Friday, January 16, 2009

Civil Disobedience

I wanted to take some to write about something I have been considering in recent days. My previous post was an article written by a Pastor that I have great respect for, and it was his opinion about what the Bible teaches of Civil Disobedience. I don't believe that people generally think about Christians when they consider the idea of civil disobedience but it is an idea that has deep roots in Christianity. Our LORD Himself and His apostles were prime examples of practicing civil disobedience the right way. Well, what I want to ask is along these lines...
I was raised in a nominally conservative home; I say "nominally" because while my family is conservative it was a conservatism with an emotional base instead of an intellectual one. Today, my political choices are overwhelmingly more intellectual than emotional. There are several political ideas that I have been struggling with, and have come to realize that though I may agree with them with my mind my heart wanders. Gay marriage, legalization of marijuana, etc. These are things that I assent to with my brain but I find it hard to be supportive with my heart...
Which brings me to this; I have great respect for civil disobedience (Here is a good article on a Christians duty to practice civil disobedience) and feel it is an integral part of being a good citizen. But when is the right time to practice civil disobedience? I recently read about this young man who carried some marijuana through a town square in New Hampshire. I respect him for his stand, but I don't know if the legalization of marijuana is something I am willing to break the law over. I would definitely debate or write a letter to my representative...but civil disobedience? I don't think so.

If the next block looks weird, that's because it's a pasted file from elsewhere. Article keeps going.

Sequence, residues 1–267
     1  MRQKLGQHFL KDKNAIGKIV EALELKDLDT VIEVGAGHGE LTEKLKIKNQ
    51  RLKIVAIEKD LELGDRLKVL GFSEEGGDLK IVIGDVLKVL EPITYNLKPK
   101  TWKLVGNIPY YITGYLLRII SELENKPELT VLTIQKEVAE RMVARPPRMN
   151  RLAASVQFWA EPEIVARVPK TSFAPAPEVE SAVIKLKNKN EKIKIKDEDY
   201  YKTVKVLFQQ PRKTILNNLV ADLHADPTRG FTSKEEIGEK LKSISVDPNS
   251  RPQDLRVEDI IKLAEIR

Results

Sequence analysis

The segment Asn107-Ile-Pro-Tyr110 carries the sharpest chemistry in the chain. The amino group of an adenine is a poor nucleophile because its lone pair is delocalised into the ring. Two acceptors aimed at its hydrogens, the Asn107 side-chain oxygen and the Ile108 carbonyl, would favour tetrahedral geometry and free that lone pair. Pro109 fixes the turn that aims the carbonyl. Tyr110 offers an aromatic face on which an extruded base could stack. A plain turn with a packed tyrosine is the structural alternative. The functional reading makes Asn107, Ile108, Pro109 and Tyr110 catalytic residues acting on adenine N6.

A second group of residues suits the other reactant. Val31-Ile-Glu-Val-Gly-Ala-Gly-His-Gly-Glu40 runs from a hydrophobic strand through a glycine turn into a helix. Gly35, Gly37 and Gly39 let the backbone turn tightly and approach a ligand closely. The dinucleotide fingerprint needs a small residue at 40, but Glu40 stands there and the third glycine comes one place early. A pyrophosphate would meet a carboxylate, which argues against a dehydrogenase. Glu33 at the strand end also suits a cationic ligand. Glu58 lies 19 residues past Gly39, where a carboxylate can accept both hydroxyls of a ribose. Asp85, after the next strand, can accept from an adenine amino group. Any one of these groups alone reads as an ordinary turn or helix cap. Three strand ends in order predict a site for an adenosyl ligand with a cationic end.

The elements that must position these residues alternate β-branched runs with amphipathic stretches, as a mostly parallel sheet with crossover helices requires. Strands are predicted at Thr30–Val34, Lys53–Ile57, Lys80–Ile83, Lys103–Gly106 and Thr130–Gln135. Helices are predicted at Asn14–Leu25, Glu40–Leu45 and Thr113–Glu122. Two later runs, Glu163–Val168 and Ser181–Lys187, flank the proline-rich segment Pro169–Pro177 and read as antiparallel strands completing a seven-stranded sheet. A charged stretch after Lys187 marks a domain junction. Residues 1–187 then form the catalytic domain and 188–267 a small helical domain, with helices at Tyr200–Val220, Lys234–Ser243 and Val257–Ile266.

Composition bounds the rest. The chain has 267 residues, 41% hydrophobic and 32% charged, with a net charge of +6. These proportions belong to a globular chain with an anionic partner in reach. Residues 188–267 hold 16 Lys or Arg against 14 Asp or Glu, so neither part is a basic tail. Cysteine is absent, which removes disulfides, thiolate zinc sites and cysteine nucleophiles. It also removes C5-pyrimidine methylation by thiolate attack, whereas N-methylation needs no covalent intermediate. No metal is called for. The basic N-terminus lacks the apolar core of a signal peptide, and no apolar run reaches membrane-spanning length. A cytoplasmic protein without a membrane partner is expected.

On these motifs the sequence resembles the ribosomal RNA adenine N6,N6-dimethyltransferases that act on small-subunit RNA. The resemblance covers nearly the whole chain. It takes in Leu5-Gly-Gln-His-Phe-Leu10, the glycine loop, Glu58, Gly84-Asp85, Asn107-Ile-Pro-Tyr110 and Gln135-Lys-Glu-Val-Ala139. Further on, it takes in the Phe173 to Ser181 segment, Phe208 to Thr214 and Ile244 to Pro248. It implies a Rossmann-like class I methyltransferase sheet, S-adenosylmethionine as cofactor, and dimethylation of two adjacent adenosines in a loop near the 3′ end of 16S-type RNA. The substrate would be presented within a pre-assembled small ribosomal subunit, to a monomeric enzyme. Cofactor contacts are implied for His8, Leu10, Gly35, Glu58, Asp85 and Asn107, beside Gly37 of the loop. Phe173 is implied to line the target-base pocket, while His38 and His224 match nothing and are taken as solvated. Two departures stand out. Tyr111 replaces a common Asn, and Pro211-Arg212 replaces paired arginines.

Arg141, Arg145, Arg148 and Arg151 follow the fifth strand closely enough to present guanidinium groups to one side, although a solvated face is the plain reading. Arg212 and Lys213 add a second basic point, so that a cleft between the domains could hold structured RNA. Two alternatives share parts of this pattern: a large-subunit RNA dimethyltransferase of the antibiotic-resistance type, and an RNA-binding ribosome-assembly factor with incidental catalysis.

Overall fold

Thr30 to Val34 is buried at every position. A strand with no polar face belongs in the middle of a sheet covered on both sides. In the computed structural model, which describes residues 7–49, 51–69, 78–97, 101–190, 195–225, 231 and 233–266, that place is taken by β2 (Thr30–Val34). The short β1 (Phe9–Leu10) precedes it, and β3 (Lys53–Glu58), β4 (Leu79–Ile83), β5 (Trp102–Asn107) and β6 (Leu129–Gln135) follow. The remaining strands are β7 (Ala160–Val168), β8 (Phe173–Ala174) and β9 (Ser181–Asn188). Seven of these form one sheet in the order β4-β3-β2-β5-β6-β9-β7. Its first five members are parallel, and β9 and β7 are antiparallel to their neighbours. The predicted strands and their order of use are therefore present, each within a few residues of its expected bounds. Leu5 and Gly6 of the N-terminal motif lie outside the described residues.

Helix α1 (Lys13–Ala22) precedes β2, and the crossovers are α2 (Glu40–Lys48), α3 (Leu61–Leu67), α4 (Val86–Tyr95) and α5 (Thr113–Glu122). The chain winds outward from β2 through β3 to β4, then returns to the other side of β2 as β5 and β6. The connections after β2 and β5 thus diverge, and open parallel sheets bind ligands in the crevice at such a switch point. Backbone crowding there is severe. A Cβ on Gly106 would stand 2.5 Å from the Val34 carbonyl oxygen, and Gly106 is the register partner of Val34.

Is there a line? Are some things inconsequential enough to not break the law for? Is the line different for some people than it is for others? I would practice civil disobedience over abortion, eminent domain, attacks on the Bill of Rights, to demonstrate against the one world order, unjust war and there are many others. But I don't think I would do it for marijuana, or prostitution, etc. Perhaps those fights are for someone else who feels more strongly about them, and my fight is for the things I feel more strongly about?
I think that Thoreau, Gandhi, and Dr. King, Jr. were geniuses with ideas that completely bucked societal trends with their purity and honesty. I had just never considered that we may have to be very selective in choosing our battles. If we fought against everything wouldn't we burn out very quickly? Am I missing the boat on this? Should I be more broad minded? I just can't imagine going to prison for certain things.... not out of fear but out of inconvenience.

Thought I am struggling with today:
"I am prepared to die, but there is no cause for which I am prepared to kill."
Mahatma Gandhi